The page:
ATHENS — No. 7 Georgia is facing a team that has even bigger issues at quarterback than the Bulldogs.
While Greyson Lambert has hardly impressed as Georgia’s new starter, South Carolina will have to go with former walk-on Perry Orth for Saturday’s game between the hedges.
Orth came on in last week’s 26-22 loss to Kentucky after Connor Mitch went down with a separated shoulder. He’ll likely be out for at least six weeks, putting the Gamecocks in quite a bind as they try to avoid an 0-2 start in the Southeastern Conference.
Not that Steve Spurrier sounds all that concerned.
“If we can protect him, and get some guys open, he’s very capable,” the Gamecocks coach said.
Georgia (2-0, 1-0 SEC) picked Lambert as its starter less than a week before the season opener, going with a player who transferred to Athens after losing his starting job at Virginia. The junior looked shaky in last week’s 31-14 victory over Vanderbilt, completing just 11 of 21 passes for 116 yards — none of them as long as 20 yards.
“He short-armed some balls, but he’s going to be fine,” coach Mark Richt insisted. “It’s just a matter of getting into the flow of a game, the flow of a season.”
South Carolina (1-1, 0-1) nearly rallied for a 17-point halftime deficit against Kentucky, as Orth completed 13 of 20 for 179 yards and a touchdown. But a late fourth-quarter interception as the Gamecocks were driving for the go-ahead touchdown ruined his night.
“Obviously, the last play was a careless interception on first down, and really hurt us,” Spurrier said. “Other than that … we probably moved the ball with Perry in there the best we have all year. We had a chance.”
Don’t forget the Spurrier factor. The Gamecocks coach always seems to bring his A-game against Georgia, a team he has despised since his days as a Heisman Trophy-winning quarterback at Florida.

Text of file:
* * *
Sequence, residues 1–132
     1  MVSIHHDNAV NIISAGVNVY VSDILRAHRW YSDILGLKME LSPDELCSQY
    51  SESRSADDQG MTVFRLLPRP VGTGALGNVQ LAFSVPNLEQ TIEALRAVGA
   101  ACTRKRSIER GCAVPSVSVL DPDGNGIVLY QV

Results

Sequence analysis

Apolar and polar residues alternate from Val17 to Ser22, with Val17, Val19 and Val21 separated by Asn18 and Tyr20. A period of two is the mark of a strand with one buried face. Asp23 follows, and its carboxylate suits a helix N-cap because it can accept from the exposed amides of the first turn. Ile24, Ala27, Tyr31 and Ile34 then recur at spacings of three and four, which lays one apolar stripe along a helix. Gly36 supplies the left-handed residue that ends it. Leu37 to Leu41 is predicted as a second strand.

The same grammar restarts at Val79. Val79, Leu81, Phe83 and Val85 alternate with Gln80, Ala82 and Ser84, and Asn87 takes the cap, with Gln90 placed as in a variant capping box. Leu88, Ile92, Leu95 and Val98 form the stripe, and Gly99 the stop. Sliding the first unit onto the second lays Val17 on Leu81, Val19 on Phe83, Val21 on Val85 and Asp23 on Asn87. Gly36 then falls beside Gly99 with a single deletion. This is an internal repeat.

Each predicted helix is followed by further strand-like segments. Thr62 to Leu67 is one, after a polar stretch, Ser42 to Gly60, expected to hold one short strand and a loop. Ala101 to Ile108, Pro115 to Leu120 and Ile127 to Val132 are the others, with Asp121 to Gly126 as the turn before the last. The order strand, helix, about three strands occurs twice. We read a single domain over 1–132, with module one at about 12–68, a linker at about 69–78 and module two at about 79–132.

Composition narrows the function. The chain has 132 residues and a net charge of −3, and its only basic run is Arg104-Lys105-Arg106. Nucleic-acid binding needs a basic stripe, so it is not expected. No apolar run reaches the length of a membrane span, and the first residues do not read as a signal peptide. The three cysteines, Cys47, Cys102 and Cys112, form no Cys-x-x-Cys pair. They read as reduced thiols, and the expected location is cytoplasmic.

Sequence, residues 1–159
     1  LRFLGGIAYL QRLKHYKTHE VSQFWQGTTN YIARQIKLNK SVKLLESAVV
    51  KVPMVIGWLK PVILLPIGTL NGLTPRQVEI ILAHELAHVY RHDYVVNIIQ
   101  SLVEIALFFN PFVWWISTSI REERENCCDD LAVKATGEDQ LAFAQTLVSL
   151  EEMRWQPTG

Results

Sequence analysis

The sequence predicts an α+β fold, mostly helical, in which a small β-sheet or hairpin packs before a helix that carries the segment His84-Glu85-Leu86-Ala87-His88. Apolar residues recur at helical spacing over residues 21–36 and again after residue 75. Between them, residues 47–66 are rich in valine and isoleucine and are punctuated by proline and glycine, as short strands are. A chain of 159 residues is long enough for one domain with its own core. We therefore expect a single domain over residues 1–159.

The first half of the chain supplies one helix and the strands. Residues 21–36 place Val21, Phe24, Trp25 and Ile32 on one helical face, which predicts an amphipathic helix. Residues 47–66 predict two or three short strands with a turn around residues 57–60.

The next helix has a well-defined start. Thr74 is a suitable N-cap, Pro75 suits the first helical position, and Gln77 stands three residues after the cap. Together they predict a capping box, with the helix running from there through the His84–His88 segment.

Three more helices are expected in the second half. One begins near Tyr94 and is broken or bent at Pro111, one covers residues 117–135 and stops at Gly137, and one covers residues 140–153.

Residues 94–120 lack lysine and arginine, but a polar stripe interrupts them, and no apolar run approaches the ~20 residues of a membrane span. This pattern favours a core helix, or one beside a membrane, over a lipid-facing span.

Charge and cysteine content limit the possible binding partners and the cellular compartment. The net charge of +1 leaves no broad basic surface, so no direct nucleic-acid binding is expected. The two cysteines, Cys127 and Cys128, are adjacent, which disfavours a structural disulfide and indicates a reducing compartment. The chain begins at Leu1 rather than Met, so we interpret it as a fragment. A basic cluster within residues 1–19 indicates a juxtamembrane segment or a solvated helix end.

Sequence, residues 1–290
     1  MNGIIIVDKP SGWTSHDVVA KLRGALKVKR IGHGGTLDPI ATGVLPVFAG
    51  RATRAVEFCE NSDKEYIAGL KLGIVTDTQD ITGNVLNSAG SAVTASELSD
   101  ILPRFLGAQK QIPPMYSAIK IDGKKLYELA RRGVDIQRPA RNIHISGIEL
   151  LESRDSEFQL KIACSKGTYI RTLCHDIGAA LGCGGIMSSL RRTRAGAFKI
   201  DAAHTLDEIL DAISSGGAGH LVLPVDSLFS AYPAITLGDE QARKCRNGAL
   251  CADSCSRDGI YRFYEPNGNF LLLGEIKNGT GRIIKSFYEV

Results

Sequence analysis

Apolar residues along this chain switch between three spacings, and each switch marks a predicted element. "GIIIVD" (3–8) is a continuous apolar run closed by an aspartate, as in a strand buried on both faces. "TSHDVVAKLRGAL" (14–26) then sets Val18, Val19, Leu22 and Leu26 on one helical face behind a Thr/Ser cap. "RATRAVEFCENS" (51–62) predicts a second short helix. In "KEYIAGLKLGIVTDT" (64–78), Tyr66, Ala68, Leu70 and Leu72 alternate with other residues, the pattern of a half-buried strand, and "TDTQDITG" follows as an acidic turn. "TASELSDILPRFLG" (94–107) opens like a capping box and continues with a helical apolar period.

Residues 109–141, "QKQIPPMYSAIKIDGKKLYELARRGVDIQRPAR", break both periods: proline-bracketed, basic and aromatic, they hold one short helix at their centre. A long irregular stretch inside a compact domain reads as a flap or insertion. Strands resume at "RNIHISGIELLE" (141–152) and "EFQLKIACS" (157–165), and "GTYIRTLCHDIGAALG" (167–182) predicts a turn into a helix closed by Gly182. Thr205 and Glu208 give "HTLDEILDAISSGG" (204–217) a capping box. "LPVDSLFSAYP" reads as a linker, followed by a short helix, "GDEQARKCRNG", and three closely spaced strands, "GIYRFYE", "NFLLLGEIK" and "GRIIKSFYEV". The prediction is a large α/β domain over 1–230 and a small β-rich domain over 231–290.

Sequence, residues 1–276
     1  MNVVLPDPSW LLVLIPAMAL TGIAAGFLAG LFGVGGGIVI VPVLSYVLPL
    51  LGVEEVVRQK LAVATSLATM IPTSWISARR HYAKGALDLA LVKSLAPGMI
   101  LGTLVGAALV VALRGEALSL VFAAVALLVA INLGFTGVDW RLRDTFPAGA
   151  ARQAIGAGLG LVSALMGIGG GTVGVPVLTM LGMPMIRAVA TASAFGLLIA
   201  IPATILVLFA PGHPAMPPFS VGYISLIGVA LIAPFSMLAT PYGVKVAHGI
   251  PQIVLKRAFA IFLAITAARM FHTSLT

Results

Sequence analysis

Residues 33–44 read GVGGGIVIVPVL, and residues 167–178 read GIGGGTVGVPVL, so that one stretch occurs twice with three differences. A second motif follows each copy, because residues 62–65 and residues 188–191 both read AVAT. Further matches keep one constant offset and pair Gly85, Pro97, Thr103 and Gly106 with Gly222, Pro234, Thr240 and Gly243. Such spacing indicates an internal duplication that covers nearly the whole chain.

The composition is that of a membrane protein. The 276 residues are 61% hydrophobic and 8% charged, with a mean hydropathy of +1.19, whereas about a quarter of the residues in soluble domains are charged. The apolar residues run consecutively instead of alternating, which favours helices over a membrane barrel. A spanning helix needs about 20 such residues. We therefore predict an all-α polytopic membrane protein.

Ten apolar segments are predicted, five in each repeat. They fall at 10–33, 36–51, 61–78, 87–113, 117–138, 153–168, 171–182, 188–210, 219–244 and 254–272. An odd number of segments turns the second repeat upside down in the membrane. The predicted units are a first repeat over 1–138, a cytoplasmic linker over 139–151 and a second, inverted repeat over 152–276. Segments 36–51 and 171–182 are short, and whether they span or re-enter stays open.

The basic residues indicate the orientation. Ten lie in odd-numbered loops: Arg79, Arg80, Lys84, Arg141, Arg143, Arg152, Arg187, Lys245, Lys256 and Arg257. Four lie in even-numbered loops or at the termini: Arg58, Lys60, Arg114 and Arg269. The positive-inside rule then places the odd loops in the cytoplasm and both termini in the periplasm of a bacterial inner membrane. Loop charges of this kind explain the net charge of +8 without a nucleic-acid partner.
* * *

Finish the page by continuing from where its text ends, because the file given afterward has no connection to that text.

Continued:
South Carolina has won four of the last five meetings, giving Spurrier a 16-6 career record against the Bulldogs.
“I know that he has a great offensive mind,” said Nick Chubb, Georgia’s star running back. “He’s crazy good, but our defense is crazy good too, so it will be a great matchup.”
Some other things to keep an eye on when the Bulldogs host South Carolina:
CHUBB KEEPS ON CHUGGING: Even though defenses tend to crowd the box against Georgia, that hasn’t stopped Chubb from getting off to another strong start. In the first two weeks, the sophomore back extended his streak of 100-yard rushing games to 10 in a row, including a 189-yard effort against Vanderbilt. Chubb’s backup, Sony Michel, is a dynamic threat as well.
KICKING ISSUES: Georgia Senior Marshall Morgan has been one of the nation’s most reliable kickers. But he’s coming off a game he’d rather forget. Marshall missed a pair of field goal attempts against Vandy, going wide left from 37 and 43 yards. This game may show if that was merely a blip of Morgan’s stellar career, as the Georgia coaches believe, or indicative of a bigger problem.
NUNEZ PREPARES: Look for freshman Lorenzo Nunez to take some snaps for South Carolina. The 6-foot-3, 210-pounder from Kennesaw, Ga., was considered one of the region’s top dual-threat quarterbacks in high school. Spurrier will likely use Nunez in zone-read sets, particularly near the goal line, where the Gamecocks struggled against Kentucky. Nunez worked with the first-team offense for long stretches at practice this week.
TAKING ADVANTAGE OF TURNOVERS: Georgia had a plus-16 turnover margin in its first season under defensive coordinator Jeremy Pruitt. The Bulldogs are off to another good start in 2015, with a plus-3 edge and 17 points off turnovers. Dominick Sanders clinched the win over the Commodores with an 88-yard interception return for a touchdown.
THE WIDEOUTS: South Carolina has struggled to get any of its receivers outside of Pharoh Cooper involved in the offense. Cooper, a 1,000-yard receiver last season, has 12 of the team’s 17 receptions. Carlton Heard and Terry Googer are next on the list with two catches each. Part of the issue rested with Mitch, who was ineffective before his injury. Let’s see if Orth can get more people involved in the passing game.